As for the other characters, Anana seems to care about them but I never saw enough to share in her feelings. I really found myself even struggling to care about anyone beyond her. Even when they set the stage for a romance, I couldn’t care less.

So I guess that’s probably enough. The things that work in the book work tremendously. I get the idea that in the future the Word Flu could really disrupt us due to our growing dependence on technology. I get the idea that words are powerful and losing even some of them could be disastrous. The story itself though, the meat and potatoes of The Word Exchange were just meh.

This one was a hard one for me, folks. And it kills me to dislike a book that executes its premise so well. But here we are.

Good alnox, my friends. Gritbaugh.

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Review: Songs from the Phenomenal Nothing

Songs from the Phenomenal Nothing
Songs from the Phenomenal Nothing by Steven Luna

My rating: 5 of 5 stars

Songs from the Phenomenal Nothing is proof positive that Steven Luna is not a one-trick pony. His Joe Vampire books are paranormal (emphasis on the normal) books that mix mundane day to day tasks like office work with the unexpected challenges of life as a vampire. And boy is that Joe Vampire sarcastic. Songs from the Phenomenal Nothing is not. It’s sincere, heartfelt and while ‘Joe’ made you laugh, ‘Songs’ just might make you cry.

Songs from the Phenomenal Nothing is about 17-year-old Tyler Mills who lost his Mom six months ago. He lives at home with his father who stands in polar opposition of everything Tyler stands for. Tyler is a creative, musical prodigy with dreams of supporting himself on music. Dad is a practical, hard-working mechanic. Dad is roots, while Tyler is wings. It’s a water and oil combination that becomes combustible once Tyler discovers one of his late-mother’s journals with a secret that turns his world upside down and threaten to destroy what remains of his family.

Going much further into the book would only serve to spoil what are some pretty surprising revelations, so I’ll spare you that. What really stands out to me is how well Steven Luna writes a 17-year-old boy; with all of the attitude, frustrating certainty of the world, and piss and vinegar that 17-year-olds display. Tyler is at once likable and a bit of an asshole. He jumps to self-righteous conclusions and sometimes finds that he’s made mistakes that he’s reluctant to admit to anyone but himself. In short, his character flaws should be all too familiar to anyone who’s been there or is currently living with a teenager themselves.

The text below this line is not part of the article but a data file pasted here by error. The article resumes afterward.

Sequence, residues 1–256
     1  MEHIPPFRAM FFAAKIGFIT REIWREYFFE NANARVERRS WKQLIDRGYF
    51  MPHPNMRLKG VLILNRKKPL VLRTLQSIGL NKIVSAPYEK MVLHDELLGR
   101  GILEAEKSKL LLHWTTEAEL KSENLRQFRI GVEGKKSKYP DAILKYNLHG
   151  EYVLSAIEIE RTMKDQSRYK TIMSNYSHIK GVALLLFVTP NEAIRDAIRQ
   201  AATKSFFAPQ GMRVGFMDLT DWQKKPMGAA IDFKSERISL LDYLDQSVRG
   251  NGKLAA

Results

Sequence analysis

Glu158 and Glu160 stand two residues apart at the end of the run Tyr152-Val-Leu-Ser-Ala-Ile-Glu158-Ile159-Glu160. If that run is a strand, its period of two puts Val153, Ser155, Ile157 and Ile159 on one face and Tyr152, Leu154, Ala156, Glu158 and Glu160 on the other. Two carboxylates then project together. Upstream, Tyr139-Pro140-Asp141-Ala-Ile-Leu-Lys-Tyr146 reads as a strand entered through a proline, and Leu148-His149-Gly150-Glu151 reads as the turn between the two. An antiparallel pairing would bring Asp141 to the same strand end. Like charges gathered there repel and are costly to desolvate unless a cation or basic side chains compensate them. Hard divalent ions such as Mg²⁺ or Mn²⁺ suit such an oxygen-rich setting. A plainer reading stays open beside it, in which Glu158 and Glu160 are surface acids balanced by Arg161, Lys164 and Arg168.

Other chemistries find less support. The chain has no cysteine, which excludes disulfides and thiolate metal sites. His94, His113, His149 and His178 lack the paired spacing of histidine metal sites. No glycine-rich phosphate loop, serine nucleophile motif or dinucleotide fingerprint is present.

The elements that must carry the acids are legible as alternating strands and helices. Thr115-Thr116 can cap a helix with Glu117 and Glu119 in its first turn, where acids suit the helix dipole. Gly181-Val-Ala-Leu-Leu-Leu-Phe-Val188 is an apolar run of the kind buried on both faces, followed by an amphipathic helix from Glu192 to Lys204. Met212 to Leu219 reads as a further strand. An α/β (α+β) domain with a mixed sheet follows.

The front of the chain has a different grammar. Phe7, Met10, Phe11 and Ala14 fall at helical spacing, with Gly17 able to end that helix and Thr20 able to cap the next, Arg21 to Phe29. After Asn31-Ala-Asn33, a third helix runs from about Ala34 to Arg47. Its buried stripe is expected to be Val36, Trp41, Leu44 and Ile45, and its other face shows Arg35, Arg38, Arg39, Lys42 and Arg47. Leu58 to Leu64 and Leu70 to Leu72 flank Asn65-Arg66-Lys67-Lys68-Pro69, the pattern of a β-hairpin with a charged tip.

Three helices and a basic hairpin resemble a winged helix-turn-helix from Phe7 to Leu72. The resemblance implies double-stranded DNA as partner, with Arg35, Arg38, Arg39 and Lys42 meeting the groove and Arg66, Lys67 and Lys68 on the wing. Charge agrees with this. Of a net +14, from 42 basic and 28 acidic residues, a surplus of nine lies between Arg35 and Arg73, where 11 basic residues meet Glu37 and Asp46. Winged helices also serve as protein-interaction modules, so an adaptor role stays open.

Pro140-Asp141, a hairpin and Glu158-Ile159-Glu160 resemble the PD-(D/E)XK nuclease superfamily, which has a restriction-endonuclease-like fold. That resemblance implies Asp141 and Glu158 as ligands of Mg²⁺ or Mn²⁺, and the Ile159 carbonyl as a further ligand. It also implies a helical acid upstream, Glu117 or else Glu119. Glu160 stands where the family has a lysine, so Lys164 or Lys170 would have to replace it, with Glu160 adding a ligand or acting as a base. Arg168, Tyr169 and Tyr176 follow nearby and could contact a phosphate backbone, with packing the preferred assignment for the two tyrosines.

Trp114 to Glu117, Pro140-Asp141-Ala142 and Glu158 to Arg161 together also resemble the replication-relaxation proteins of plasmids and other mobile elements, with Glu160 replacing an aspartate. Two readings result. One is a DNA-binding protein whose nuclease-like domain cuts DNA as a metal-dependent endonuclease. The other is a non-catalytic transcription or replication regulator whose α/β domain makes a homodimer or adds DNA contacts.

Another thing that really comes to the surface is loss. Make no mistake, this is as much the story of Tyler’s loss of his mother as it is his coming to grips with what her secrets mean. In between the butting heads with his old man he must encounter and deal with this very fresh loss. There is a small part in this book that really kicks me in the gut having lost my dad just shy of two years ago.

“It feels like I’ve been broken and pushed back together in the wrong shape. Like there’ll always be something in me that doesn’t fit together the right way anymore.”

In some ways Ty’s journey is familiar to parts of my own. And that ability for a message within the book to transcend the story – revealing a truth – is what, in my opinion, makes a memorable read. This book is going to stay with me for a while.

Thanks Steven for sending me an advanced readers copy. I guess I’m supposed to disclose that I’ve been given a copy of this book in exchange for an honest review. I wasn’t asked to love it. I was only asked to read it and tell y’all what I think, and I have. I really enjoyed it. And I think you will too.

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Review: Buried in Angst

Buried in Angst
Buried in Angst by David J. Pedersen

My rating: 5 of 5 stars

Angst returns and life has not been the sunshine and roses he might have expected after realizing his dreams of becoming a hero of Unsel. In saving those he loved he was forced to separate himself from his magic sword Chryslaenor and it’s killing him. Literally.

If that wasn’t bad enough, a stranger shows up from a recently destroyed coastal city and trouble looms. It soon comes to Angst’s attention that the elements themselves have gone to war. Couple this with his sword being stolen, a friend going missing and the fact that he’s dying and things are bound to be more.. Angsty.